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Dev Med Child Neurol. 2010 Feb;52(2):167-73. doi: 10.1111/j.1469-8749.2009.03393.x. Epub 2009 Dec 1.

Leisure activity preferences for 6- to 12-year-old children with cerebral palsy.

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School of Physical & Occupational Therapy, Faculty of Medicine, McGill University, Montreal, Quebec, Canada.



The objective was to describe leisure activity preferences of children with cerebral palsy (CP) and their relationship to participation. Factors associated with greater interest in leisure activities were identified.


Fifty-five school-aged children (36 males, 19 females; mean age 9 y 11 mo; range 6 y 1 mo-12 y 11 mo) with CP (Gross Motor Function Classification System [GMFCS]) level I 62%, level II 22%, level III-IV 16%; 33.3% hemiplegia, 29.6% diplegia, 25.9% quadriplegia, 11.2% other) who could complete the Preferences for Activities of Children (PAC) were recruited.


Social and recreational activities were most preferred, and self-improvement activities were least preferred. Younger age, higher motivation, and IQ predicted interest in active-physical activities (r(2)=0.39). Negative reaction to failure was associated with less preference for social activities (r(2)=0.16), whereas increased prosocial behaviours were related to greater preference for recreational (r(2)=0.13) and self-improvement activities; the latter is also predicted by older age (r(2)=0.24). Interest in skill-based activities was greater in females and in children who were highly motivated, younger, and had greater motor limitations (r(2)=0.51). The findings suggest that personal factors and functional abilities influence leisure activity preferences. High preference for certain activities was not always associated with involvement in these activities.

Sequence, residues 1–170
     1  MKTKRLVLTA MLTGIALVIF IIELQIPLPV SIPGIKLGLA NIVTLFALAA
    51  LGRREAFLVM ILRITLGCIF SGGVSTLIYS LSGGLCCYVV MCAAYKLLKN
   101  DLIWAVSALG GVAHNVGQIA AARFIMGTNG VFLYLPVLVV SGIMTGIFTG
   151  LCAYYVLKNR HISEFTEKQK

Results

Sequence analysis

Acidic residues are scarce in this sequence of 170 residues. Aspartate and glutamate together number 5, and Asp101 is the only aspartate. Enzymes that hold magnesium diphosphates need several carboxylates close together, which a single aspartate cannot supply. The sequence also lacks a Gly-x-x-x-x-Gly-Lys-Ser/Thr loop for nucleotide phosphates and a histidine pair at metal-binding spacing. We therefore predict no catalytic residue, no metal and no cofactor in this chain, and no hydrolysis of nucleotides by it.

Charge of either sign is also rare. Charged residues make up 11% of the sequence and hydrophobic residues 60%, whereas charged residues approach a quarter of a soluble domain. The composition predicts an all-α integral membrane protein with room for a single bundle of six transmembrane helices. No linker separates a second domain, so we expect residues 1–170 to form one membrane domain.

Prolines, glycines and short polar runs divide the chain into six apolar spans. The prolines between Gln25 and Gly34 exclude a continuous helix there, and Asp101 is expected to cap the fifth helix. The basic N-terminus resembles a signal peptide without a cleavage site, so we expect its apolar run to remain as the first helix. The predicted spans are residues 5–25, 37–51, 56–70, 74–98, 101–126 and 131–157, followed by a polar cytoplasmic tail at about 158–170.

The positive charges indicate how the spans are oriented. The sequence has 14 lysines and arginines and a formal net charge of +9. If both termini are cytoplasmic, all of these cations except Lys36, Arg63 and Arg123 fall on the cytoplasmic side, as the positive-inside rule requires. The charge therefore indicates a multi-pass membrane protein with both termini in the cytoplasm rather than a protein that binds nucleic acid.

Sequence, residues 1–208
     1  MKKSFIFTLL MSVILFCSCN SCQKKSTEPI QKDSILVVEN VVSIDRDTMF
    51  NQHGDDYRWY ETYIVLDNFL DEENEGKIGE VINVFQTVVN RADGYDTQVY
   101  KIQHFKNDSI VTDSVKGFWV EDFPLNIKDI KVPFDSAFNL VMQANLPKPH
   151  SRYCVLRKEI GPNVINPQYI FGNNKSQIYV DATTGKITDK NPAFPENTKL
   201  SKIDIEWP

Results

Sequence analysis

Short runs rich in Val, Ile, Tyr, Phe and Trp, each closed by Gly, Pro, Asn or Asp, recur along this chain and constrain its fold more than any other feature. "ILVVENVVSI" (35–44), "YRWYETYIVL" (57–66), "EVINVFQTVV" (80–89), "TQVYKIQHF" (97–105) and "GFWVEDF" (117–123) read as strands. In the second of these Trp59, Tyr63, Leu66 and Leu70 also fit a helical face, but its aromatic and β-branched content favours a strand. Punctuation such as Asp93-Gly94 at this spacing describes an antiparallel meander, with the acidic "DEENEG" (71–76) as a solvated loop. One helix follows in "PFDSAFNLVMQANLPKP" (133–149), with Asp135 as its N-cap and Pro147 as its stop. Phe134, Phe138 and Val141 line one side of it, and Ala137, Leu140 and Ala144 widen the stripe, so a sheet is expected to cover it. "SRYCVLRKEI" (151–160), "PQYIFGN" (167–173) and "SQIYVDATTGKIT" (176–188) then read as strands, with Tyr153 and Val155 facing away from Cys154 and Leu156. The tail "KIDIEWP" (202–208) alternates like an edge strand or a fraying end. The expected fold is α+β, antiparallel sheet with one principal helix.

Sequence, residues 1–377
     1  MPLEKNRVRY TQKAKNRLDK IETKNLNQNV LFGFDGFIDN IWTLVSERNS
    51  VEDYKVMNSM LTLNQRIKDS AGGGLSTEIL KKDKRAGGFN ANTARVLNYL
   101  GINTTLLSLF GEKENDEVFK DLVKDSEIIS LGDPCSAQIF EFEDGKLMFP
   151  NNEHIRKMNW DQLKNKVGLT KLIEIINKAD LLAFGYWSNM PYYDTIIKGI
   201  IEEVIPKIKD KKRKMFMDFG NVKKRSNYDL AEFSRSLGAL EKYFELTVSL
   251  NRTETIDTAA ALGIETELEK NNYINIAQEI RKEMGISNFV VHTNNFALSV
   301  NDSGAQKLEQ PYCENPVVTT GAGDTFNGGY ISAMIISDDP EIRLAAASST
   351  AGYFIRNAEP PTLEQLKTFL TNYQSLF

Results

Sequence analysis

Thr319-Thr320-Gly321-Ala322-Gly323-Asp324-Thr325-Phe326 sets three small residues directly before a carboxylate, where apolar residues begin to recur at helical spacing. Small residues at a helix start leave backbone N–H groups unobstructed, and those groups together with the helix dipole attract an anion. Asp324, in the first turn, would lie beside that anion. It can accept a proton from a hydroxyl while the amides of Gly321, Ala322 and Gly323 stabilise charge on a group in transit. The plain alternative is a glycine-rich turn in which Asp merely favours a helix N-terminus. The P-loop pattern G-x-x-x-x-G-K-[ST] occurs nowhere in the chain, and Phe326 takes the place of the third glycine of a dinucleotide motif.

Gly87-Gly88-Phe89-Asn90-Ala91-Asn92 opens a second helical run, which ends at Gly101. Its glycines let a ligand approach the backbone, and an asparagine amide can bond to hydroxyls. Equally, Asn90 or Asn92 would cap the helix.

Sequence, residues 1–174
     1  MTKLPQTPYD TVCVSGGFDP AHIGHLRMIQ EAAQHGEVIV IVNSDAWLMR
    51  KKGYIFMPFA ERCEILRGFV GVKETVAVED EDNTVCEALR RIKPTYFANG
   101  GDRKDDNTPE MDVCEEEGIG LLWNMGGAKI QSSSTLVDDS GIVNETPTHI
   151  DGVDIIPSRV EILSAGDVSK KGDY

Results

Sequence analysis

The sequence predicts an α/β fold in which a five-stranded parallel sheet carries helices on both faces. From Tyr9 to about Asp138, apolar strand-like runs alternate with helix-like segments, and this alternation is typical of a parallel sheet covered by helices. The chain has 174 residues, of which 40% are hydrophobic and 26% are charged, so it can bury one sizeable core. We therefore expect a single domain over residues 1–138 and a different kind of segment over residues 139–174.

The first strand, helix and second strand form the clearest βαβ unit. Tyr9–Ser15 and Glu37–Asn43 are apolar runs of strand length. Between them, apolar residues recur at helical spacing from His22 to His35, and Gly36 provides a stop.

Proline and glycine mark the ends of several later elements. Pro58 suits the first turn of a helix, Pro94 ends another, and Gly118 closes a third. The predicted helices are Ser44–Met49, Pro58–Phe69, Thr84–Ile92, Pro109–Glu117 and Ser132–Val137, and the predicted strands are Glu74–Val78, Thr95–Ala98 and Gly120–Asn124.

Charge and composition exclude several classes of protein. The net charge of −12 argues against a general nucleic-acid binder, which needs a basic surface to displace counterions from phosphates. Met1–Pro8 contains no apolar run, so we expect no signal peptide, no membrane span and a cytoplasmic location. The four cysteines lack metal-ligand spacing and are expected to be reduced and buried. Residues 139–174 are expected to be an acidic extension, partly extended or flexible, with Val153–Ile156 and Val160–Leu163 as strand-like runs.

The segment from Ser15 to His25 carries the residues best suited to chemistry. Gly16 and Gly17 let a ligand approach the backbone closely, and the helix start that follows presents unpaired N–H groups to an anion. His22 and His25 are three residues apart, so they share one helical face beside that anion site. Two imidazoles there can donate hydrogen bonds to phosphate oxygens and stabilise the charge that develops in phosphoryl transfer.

Determination of preferences is inherent to child-centred practice and should, therefore, be part of the evaluation process. Rehabilitation strategies can minimize barriers to leisure participation, such as fear of failure, low motivation, or environmental obstacles.

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